By Brett Martel
NEW ORLEANS — Shoni Schimmel tried to fling a long, hard bounce pass to Jude Schimmel along the right sideline — the kind of crowd-pleasing play the sisters often pull off — only to have Connecticut’s Bria Hartley pick it off and break the other way.
Soon after, Jude Schimmel appeared to be in tears as she went to the Louisville bench with three fouls in the middle of the first half, watching helplessly while her older sister’s deep jump shots kept rattling off the rim and the Cardinals fell farther and farther behind.
Against mighty Connecticut, Shoni and Jude Schimmel’s “rez ball” repertoire of flashy passes and shots produced about as many misses and turnovers as points and the Cardinals’ stirring run of NCAA tournament upsets came to an end. UConn’s 93-60 win Tuesday night was the biggest blowout ever in a women’s NCAA title game.
“You have to give credit to UConn. They’re a great team. They shot the ball very well and they have an awesome coach,” Jude Schimmel said. “I don’t know, it just went really well for them.”
With their eighth national title — tying Tennessee for most all time — the Huskies and coach Geno Auriemma prevented Louisville from joining UConn (2004) as the only school to win national titles in both men’s and women’s basketball in the same season.
“I don’t think anybody can argue that unfortunately we just came up one game short, but I’m proud of my players,” Louisville coach Jeff Walz said.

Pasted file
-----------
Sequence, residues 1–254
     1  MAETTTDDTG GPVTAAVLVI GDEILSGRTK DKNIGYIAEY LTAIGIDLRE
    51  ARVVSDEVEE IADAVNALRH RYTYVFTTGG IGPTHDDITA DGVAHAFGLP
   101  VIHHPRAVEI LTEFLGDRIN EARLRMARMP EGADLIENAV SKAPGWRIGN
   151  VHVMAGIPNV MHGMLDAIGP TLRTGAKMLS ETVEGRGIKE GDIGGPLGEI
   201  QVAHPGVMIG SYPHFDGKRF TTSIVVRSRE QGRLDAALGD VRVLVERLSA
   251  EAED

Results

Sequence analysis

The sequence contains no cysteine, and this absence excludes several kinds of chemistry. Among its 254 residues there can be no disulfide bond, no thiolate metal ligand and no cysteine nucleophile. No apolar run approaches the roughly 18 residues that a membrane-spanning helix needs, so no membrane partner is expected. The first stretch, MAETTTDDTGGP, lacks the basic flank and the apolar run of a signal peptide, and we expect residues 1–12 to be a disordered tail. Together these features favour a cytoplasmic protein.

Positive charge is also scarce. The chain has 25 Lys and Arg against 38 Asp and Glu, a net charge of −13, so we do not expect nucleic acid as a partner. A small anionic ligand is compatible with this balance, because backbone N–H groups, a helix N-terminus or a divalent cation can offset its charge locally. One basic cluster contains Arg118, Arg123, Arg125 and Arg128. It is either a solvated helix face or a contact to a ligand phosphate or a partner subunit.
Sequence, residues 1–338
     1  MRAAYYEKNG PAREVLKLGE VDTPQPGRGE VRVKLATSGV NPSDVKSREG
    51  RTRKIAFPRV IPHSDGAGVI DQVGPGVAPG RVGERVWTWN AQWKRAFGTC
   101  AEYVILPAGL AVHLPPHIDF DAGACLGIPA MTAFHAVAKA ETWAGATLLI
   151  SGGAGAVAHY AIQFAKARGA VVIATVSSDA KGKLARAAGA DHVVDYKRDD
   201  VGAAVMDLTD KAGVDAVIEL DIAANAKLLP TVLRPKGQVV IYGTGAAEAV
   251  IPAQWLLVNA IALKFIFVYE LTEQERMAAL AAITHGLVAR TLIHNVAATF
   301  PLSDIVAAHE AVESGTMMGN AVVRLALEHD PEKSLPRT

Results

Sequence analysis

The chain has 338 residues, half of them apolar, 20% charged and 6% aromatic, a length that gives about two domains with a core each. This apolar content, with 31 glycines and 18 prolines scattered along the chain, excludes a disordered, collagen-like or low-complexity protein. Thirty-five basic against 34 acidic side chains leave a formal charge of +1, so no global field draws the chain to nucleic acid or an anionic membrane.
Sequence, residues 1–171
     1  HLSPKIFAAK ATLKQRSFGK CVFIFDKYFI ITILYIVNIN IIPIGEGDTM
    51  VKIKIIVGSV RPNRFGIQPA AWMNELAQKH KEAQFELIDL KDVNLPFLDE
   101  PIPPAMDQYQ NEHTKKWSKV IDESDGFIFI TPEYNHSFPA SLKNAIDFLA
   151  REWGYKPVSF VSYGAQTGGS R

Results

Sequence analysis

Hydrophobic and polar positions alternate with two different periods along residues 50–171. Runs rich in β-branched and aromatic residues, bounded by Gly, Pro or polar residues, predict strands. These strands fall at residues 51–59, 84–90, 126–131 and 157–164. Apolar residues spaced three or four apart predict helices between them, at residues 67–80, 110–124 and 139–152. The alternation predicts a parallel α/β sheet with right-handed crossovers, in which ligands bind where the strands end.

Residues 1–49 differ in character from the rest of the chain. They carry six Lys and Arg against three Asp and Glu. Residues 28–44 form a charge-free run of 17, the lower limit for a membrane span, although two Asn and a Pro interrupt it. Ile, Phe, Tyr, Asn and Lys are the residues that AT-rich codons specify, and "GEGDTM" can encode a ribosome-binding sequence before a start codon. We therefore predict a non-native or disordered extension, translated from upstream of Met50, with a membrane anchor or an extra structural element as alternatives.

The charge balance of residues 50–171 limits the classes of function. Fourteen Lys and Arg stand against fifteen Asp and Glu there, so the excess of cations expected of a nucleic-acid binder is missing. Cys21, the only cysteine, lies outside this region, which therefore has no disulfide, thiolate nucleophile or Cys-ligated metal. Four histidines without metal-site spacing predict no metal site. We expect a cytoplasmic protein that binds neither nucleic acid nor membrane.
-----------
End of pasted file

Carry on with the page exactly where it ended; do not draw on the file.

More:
Louisville men’s coach Rick Pitino made the trip to watch the game, one day after his team won the NCAA championship against Michigan, and gave the women’s team a pre-game pep talk. And there was a buzz back home in the Bluegrass State as fans wondered if there would be two titles to celebrate instead of just one.
After all, the women had knocked off Baylor in the tournament’s biggest upset in history, then added Tennessee to their list of victims before becoming the first No. 5 seed to reach the title game by beating Cal.
Even Auriemma had said he wondered going into the game if UConn playing not just against Louisville, but some sort of karma.
“The only team that was better than us the last month was the University of Louisville,” Auriemma said. “They did something I haven’t seen done in the NCAA tournament.”
Even after the loss, Walz made it clear he hadn’t lost sight of his team’s accomplishment.
“It’s without a doubt going to go down as one of the greatest runs in women’s basketball,” Walz said. “The run that we went on I think is remarkable and it’s something I’ll always remember. And I told our players, when we walk out of this place, we’re walking out with our head high.”
Louisville looked ready to give UConn a touch game during the opening eight minutes, but the Huskies took control with a 19-0 first-half run and never looked back, stifling the Cardinals at every turn.
Sara Hammond was the only Louisville player to reach double figures with 15 points. Shoni Schimmel finished with 9.
Even if the sisters had pulled off another rendition of “rez ball,” the free-wheeling style of play they developed growing up on a Native American reservation in Oregon, it might not have been enough to prevent Connecticut from completing another chapter of postseason dominance.
Antonita Slaughter struggled to hit 3-pointers as she had, hitting only one after making six in the NCAA semifinal against California.
Bria Smith’s dribble drives were met with a stout wall of defenders. She hit the floor hard several times, and wound up with seven points, one game after scoring 17.
Walz had said leading up to the game that his team would have to play its best game of the season, even better than it did when knocking off defending champion Baylor and its 6-foot-8 star Brittney Griner.